The United States Patent and Trademark Office (USPTO) recently announced that it will be implementing a new system for measuring the quality of patent examination at the start of fiscal year 2011. This system is designed to provide a more comprehensive analysis of patent examination to better enable its participants to identify and follow its best practices. The new quality measurement procedures were developed by the USPTO in conjunction with the Patent Public Advisory Committee (PPAC), based largely on feedback from various entities, including individuals, law firms, corporations, intellectual property organizations, and government agencies.
The new system incorporates five additional metrics along with the two that are currently used to measure the quality of patent examination. The current system measures the quality of the action describing the final disposition of the application, either in an allowance or a final rejection, and the quality of actions taken during the course of examination. The new system additionally measures (1) the quality of the examiner’s initial search for prior art, (2) the use of best examination practices in the first action on the merits, (3) trends in compact and efficient examination as reflected in aggregate USPTO data, (4) the perceptions of applicants and practitioners as measured by surveys, and (5) the perceptions of examiners as measured by surveys.
First Things First
The new metrics focusing on the initial work of examiners appear to be an improvement over the current system for at least two reasons. First, they coincide with the USPTO’s new count system for examiner production levels. This count system was implemented in February 2010 and awards examiners more credit for their initial actions taken on applications relative to credit received for subsequent actions. The count system was designed to decrease redundancy in subsequent actions, encourage quicker resolution of issues with applications, and spur earlier identification of patentable subject matter. The newly added metrics should assess the effectiveness of this count system by determining compliance with the best practices associated with initial actions. Since examiners are receiving relatively more credit for first actions than for subsequent actions, it makes sense to keep closer tabs on their initial work. The effects of the new count system may also be analyzed by measuring the degree to which global USPTO data is indicative of compact prosecution.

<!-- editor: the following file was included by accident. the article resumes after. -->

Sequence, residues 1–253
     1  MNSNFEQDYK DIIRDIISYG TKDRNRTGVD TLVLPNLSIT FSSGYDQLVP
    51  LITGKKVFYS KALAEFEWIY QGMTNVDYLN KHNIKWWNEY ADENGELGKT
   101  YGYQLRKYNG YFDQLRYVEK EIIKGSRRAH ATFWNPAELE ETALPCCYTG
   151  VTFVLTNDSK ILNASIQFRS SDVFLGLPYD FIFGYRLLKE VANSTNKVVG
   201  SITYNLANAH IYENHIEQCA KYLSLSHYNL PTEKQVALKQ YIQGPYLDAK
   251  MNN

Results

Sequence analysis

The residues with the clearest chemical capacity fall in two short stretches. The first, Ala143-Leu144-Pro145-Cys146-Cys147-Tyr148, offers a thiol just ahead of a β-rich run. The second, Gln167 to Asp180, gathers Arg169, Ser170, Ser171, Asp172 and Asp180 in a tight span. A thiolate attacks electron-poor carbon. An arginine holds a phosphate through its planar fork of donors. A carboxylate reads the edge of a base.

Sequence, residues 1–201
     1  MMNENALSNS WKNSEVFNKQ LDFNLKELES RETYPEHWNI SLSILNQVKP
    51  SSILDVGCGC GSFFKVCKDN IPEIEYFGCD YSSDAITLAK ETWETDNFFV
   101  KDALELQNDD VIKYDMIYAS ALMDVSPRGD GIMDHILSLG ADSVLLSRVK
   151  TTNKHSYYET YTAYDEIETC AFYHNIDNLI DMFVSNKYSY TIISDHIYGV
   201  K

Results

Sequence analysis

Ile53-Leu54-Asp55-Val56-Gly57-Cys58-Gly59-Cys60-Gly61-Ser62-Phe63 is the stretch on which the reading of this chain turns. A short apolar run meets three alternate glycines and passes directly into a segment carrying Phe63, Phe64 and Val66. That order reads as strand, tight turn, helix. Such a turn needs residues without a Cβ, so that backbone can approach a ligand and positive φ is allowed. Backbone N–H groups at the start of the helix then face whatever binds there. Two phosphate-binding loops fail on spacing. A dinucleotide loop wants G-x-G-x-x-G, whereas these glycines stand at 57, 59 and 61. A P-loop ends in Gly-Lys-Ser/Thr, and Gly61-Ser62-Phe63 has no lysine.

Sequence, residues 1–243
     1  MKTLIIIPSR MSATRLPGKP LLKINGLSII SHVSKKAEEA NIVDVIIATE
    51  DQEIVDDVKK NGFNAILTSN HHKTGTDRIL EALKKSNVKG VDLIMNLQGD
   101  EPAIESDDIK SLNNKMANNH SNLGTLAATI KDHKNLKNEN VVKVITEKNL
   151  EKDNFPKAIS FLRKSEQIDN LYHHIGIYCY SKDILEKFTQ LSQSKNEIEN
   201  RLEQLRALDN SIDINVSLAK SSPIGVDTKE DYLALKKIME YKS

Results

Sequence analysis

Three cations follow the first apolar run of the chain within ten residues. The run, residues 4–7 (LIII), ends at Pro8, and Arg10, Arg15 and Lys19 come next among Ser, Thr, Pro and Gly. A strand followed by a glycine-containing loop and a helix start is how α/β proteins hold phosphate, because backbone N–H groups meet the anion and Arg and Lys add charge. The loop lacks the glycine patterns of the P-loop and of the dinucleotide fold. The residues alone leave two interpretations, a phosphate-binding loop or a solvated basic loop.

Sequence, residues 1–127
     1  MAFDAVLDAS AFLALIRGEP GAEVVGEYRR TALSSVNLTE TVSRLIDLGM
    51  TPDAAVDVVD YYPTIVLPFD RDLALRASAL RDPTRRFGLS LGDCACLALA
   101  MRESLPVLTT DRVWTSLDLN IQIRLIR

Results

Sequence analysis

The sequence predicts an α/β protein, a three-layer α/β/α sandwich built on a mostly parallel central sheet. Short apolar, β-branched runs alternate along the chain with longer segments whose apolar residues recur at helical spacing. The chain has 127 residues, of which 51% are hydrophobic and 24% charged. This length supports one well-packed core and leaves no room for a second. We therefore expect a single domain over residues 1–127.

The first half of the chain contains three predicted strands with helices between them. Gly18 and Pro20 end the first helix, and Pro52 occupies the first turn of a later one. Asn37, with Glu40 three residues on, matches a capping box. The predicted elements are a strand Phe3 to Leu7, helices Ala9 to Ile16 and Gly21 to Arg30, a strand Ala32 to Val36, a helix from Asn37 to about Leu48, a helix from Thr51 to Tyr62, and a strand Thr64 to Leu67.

A second improvement of the new metrics for examiners’ initial work is their linking of searches at the USPTO with the work product of other patent offices, such as the European Patent Office (EPO) and the Japan Patent Office (JPO). In evaluating examiners’ use of this work product, the initial search metric relies on two factors: the proper consideration of a search report from another office as well as examiners’ notation of searching other offices for actions taken on related cases. Work completed by other offices is a valuable resource to examiners in the U.S., and this metric should indicate how often examiners are taking advantage of this resource. This is especially important since one study has shown that examiners rarely rely on applicant-submitted art in making rejections.
The People Have Spoken…
The new metrics involving surveys will provide subjective perceptions of quality and should encourage the participation of the public and the examining corps in identifying the best practices of patent examination. The external quality survey addresses issues such as the availability and responsiveness of examiners to applicants’ requests as well as the overall examination quality. The internal quality survey addresses the effectiveness of tools and training available to examiners and the degree to which applicants facilitated high-quality examination.
The USPTO will report the results of each metric as well as aggregate data used in their calculations periodically on the agency’s website. The new quality measurement system does not attempt to alter patentability standards, nor is it used as the USPTO’s internal quality review of examiners. However, it should serve to better educate and enable participants in the patent process to comply with existing standards and improve the overall quality of patent examination.